November 4, 2022
When I was a beginning genealogist, I mentioned to a more seasoned researcher that I thought some of my husband’s New Jersey ancestors may have been Quakers. She responded, “You’re so lucky!” At the time I didn’t understand what she meant.
I later learned that my husband’s family had numerous Quakers; after all they lived in New Jersey only ten or so miles from Philadelphia. I also learned what that genealogist meant when she said I was lucky. Quakers are well-known for their records. With early and complete documentation of people’s lives, Quaker ancestors are a genealogical goldmine.
In recent years Quaker records have become easier than ever to access. Many of them have been digitized and can be found on the major genealogical websites. I have had great success in finding records for my husband’s Quaker ancestors on Ancestry.com.
A simple name search usually returns good results, particularly if the name is uncommon. I recently looked for my husband’s third great grandmother Tacy Lippincott on Ancestry. A general search gave me several records for her including censuses and death and burial records. However, I had reason to believe that Tacy was a Quaker, at least for part of her life.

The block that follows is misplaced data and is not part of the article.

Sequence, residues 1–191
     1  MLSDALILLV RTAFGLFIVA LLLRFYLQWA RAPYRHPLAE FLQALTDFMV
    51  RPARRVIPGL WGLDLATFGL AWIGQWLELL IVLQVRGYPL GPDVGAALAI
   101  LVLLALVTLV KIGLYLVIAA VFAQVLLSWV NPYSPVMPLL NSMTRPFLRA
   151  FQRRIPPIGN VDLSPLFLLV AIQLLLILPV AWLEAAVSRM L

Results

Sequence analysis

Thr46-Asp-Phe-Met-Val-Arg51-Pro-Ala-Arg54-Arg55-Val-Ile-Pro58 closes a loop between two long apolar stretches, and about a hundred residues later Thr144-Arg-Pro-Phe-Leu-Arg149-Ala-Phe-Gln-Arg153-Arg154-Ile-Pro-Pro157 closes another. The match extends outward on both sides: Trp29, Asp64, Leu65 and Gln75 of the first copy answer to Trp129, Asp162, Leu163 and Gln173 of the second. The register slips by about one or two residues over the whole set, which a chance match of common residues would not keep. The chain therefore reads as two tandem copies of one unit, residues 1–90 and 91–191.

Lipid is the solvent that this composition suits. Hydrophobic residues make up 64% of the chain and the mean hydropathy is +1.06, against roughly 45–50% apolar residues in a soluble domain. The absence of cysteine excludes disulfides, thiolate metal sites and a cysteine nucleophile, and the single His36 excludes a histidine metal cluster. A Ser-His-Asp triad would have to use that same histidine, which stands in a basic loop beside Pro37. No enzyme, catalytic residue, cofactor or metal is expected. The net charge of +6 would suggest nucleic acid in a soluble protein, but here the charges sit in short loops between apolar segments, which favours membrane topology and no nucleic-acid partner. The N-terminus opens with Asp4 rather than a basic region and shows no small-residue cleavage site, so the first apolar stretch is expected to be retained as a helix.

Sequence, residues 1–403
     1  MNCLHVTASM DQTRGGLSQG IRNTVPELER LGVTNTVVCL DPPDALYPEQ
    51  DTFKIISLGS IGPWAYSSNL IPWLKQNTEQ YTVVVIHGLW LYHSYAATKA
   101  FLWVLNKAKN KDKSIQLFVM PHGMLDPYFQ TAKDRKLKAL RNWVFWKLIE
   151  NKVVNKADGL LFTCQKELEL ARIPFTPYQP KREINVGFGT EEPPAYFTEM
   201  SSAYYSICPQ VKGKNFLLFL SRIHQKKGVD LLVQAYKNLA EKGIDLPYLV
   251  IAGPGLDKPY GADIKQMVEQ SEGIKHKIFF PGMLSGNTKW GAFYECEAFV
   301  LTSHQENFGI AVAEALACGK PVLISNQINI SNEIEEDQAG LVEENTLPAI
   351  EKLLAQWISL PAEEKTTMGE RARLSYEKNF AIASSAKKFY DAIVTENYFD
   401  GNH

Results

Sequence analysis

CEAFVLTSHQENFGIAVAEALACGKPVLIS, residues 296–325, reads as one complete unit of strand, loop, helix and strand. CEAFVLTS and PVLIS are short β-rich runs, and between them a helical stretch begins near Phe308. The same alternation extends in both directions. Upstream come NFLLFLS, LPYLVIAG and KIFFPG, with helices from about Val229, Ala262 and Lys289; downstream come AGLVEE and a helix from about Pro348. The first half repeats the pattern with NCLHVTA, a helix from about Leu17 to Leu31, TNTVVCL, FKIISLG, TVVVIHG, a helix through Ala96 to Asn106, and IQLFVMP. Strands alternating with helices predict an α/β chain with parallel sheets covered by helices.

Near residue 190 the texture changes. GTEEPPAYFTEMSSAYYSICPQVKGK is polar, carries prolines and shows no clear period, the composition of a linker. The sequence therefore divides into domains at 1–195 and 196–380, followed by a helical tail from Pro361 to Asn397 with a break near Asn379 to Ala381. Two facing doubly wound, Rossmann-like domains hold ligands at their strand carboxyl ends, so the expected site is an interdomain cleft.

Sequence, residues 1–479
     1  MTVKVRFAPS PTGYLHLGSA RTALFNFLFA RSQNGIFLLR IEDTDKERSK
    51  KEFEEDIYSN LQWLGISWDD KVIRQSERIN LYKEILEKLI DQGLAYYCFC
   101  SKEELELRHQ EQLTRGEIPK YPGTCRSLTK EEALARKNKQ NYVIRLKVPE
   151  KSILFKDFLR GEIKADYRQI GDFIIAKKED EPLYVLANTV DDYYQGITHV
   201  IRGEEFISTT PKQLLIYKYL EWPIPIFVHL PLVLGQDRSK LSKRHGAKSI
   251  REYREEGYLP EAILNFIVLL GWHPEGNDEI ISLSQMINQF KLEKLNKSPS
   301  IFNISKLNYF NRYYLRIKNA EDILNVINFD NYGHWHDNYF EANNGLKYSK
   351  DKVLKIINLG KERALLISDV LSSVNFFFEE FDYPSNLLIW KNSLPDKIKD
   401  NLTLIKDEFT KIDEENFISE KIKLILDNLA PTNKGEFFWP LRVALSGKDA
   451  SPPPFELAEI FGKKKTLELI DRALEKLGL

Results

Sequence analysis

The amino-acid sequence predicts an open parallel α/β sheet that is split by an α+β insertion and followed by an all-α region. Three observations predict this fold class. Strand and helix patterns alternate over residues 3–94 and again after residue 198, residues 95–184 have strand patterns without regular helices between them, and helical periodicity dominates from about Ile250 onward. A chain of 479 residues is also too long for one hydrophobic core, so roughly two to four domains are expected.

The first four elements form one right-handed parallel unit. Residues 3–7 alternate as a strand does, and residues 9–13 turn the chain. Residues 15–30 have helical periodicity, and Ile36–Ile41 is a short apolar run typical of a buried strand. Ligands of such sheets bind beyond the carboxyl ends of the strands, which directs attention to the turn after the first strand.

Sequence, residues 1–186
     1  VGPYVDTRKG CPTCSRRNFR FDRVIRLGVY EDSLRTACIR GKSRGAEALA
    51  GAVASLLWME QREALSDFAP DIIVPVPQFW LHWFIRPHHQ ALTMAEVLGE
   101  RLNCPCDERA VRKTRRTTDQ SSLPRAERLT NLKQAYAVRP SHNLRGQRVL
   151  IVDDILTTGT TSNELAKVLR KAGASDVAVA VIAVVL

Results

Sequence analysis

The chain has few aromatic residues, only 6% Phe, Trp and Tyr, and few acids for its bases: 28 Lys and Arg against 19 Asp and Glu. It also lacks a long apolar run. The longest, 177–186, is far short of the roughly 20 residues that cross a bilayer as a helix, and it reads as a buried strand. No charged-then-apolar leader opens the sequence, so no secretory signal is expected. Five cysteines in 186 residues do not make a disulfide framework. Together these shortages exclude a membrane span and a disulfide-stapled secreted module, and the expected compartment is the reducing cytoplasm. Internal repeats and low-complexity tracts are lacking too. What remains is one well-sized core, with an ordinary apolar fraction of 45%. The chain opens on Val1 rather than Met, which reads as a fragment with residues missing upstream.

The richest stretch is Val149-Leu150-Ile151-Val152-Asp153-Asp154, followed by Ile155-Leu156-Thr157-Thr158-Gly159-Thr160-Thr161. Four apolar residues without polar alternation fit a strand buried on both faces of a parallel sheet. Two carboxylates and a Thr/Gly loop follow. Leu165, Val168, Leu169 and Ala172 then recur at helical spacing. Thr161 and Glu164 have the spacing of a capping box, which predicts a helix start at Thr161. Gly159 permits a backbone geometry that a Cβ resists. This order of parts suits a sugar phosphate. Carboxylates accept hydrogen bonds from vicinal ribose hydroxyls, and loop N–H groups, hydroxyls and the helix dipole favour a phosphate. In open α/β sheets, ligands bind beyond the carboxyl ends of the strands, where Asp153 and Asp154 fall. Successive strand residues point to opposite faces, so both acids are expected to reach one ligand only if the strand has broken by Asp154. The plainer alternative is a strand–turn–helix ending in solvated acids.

The general search didn’t reveal any Quaker records, but I checked the Ancestry Card Catalog for “Quaker Records.” The list of records includes a huge database called “U.S. Quaker Meeting Records, 1681-1935.” Searching that database led to a record of Tacy’s disfellowship in 1810 for “accomplishing her marriage contrary to the rules of our discipline.” Further searching led to more records concerning Tacy’s marriage and eventual disfellowship.
I have had similar results when searching for other Quakers. It appears that searching in the actual Quaker database is a better way to get good results when you’re looking for Quakers. It’s worth the extra step that this entails since these records are full of personal details. They include records concerning everything from members being counseled about manumitting slaves (long before the Civil War) to records of family members’ births and deaths.
These records are especially useful for female ancestors who tend to be overlooked in other types of records. The Quakers were remarkably even-handed when it came to recording women’s lives.
Since the day that experienced genealogist told me I was lucky to have Quaker ancestors, I’ve found dozens and dozens of Quaker documents. I’ve also passed along the idea that you’re lucky if you’ve found Quakers in your family tree. If you have even the faintest hint that there are Quakers in your own family, the records are easy to access and search, and the potential rewards are worthwhile.